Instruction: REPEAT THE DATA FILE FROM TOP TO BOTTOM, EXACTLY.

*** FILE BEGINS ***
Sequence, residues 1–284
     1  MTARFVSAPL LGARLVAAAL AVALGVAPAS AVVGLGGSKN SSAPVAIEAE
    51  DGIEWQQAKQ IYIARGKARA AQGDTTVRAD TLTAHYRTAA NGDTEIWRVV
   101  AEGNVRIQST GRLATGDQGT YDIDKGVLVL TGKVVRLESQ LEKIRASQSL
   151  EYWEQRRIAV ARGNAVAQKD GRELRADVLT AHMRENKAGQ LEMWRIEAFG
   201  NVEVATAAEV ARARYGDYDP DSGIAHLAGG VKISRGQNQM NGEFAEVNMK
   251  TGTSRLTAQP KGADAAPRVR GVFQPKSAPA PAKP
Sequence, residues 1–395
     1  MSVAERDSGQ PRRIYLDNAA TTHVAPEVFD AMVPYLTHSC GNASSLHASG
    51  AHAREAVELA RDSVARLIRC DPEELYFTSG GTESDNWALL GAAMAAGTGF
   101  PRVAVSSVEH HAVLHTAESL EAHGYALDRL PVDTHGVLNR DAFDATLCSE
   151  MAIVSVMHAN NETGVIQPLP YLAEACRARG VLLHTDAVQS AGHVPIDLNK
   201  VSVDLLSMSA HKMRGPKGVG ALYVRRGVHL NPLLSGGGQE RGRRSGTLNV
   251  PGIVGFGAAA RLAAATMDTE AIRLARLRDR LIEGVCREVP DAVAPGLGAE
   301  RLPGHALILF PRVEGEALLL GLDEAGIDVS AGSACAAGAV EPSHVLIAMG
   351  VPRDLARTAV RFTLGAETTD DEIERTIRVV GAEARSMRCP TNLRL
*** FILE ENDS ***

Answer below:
Sequence, residues 1–284
     1  MTARFVSAPL LGARLVAAAL AVALGVAPAS AVVGLGGSKN SSAPVAIEAE
    51  DGIEWQQAKQ IYIARGKARA AQGDTTVRAD TLTAHYRTAA NGDTEIWRVV
   101  AEGNVRIQST GRLATGDQGT YDIDKGVLVL TGKVVRLESQ LEKIRASQSL
   151  EYWEQRRIAV ARGNAVAQKD GRELRADVLT AHMRENKAGQ LEMWRIEAFG
   201  NVEVATAAEV ARARYGDYDP DSGIAHLAGG VKISRGQNQM NGEFAEVNMK
   251  TGTSRLTAQP KGADAAPRVR GVFQPKSAPA PAKP
Sequence, residues 1–395
     1  MSVAERDSGQ PRRIYLDNAA TTHVAPEVFD AMVPYLTHSC GNASSLHASG
    51  AHAREAVELA RDSVARLIRC DPEELYFTSG GTESDNWALL GAAMAAGTGF
   101  PRVAVSSVEH HAVLHTAESL EAHGYALDRL PVDTHGVLNR DAFDATLCSE
   151  MAIVSVMHAN NETGVIQPLP YLAEACRARG VLLHTDAVQS AGHVPIDLNK
   201  VSVDLLSMSA HKMRGPKGVG ALYVRRGVHL NPLLSGGGQE RGRRSGTLNV
   251  PGIVGFGAAA RLAAATMDTE AIRLARLRDR LIEGVCREVP DAVAPGLGAE
   301  RLPGHALILF PRVEGEALLL GLDEAGIDVS AGSACAAGAV EPSHVLIAMG
   351  VPRDLARTAV RFTLGAETTD DEIERTIRVV GAEARSMRCP TNLRL